Chinese archaeologists have unearthed 110 new terracotta warriors that laid buried for centuries, an official said yesterday, part of the famed army built to guard the tomb of China’s first emperor.
The life-size figures were excavated near the Qin Emperor’s mausoleum in Xian over the course of three years.
“The most significant discovery this time around is that the relics that were found were well-preserved and colorfully painted,” said Shen Maosheng from the Qin Shihuang Terracotta Warriors and Horses Museum.
The find is the latest in China’s cultural sector, after experts found the Great Wall of China — which like the Terracotta Army is a UNESCO World Heritage site — was longer than previously thought.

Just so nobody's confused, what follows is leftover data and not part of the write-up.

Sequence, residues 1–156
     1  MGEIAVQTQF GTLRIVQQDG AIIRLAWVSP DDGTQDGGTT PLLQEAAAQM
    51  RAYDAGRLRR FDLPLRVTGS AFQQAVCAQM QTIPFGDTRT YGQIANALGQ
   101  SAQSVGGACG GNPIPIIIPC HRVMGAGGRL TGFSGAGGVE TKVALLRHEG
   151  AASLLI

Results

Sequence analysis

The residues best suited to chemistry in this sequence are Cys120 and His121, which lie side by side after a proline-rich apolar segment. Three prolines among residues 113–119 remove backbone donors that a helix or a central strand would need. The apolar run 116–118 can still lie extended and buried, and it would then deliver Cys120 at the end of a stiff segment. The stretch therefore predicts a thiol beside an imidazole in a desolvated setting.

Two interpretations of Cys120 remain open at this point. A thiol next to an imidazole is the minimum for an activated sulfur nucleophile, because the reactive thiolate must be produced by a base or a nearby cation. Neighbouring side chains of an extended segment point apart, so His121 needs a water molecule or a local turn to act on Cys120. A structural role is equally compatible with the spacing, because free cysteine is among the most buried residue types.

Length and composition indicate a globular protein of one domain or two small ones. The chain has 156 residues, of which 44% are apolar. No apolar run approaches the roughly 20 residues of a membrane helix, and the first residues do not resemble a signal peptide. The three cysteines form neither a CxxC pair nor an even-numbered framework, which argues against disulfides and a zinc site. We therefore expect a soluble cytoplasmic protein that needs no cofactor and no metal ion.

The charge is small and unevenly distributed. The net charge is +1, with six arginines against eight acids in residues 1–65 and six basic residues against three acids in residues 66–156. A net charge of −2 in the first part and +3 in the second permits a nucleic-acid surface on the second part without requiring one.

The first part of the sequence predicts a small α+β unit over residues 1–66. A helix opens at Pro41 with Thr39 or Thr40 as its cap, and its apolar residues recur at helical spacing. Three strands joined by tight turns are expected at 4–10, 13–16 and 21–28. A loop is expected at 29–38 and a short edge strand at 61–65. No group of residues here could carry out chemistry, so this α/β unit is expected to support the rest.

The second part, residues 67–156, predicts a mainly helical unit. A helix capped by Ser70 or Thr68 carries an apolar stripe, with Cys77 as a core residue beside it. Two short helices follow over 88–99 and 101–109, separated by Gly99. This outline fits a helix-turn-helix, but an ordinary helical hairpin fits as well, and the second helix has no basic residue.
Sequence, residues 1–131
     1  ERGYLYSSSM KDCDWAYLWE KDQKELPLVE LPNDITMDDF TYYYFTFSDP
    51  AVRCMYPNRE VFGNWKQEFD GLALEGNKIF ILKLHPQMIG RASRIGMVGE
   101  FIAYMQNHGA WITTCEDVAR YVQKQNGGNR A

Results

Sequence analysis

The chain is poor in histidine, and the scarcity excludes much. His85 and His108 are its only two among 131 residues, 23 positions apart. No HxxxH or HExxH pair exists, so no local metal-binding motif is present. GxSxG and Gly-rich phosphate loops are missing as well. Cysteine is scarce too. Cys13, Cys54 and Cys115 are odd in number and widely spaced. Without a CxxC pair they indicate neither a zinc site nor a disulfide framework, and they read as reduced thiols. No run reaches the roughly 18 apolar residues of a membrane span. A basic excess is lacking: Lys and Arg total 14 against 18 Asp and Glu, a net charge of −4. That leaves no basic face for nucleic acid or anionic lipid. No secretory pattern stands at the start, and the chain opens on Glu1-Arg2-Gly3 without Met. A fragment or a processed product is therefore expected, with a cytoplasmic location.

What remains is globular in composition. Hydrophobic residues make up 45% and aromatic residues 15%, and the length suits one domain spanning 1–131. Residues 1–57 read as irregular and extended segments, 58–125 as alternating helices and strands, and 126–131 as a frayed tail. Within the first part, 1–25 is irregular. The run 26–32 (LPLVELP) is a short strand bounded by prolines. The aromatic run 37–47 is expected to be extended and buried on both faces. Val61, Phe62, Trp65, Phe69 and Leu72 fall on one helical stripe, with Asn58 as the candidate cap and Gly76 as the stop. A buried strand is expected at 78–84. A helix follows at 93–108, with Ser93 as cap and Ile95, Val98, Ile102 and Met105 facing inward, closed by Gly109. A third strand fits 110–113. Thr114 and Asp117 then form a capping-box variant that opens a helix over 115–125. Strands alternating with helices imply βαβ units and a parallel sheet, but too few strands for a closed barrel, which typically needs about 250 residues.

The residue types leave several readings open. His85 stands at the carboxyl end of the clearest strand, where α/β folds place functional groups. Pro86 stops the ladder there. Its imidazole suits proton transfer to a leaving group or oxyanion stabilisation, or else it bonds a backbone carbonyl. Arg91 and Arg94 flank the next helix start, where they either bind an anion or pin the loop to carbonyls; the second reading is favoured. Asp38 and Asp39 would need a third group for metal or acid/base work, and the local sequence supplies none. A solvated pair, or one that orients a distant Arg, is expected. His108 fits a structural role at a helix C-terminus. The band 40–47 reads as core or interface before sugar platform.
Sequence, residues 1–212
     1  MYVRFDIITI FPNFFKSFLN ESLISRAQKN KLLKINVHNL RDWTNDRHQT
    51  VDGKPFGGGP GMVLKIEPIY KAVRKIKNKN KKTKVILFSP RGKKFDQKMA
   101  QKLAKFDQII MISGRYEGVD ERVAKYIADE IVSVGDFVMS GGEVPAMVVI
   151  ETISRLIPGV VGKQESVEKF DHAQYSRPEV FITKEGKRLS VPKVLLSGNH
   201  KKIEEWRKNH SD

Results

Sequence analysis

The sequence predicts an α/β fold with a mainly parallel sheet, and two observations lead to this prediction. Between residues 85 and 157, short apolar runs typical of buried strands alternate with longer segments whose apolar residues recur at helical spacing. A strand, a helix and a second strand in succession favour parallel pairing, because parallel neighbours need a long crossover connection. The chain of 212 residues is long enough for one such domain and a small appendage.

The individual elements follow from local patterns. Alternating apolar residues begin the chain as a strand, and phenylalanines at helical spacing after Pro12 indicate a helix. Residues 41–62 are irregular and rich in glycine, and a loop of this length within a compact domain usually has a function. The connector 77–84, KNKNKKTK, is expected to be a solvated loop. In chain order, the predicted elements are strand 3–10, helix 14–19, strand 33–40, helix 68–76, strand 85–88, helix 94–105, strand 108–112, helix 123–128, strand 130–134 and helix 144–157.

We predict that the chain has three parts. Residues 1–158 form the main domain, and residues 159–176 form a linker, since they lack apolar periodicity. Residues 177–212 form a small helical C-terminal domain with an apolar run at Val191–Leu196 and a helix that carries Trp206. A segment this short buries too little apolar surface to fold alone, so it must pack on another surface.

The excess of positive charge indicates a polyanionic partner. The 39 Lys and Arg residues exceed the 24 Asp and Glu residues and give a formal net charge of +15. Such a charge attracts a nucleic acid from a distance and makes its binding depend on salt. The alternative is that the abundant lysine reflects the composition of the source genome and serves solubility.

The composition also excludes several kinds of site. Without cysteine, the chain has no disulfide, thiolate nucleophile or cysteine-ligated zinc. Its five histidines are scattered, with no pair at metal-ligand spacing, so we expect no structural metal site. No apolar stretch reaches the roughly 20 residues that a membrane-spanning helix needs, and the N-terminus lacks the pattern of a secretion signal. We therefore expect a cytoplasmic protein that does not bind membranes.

The finds also included a shield that was reportedly used by Qin Dynasty (221-206 BC) soldiers, with red, green and white geometric patterns.
The news comes after a five-year archaeological survey found the Great Wall of China was more than double the previously estimated length.
The survey — released to the public last week — found the wall was 21,196km long, compared to an official 2009 figure of 8,851km.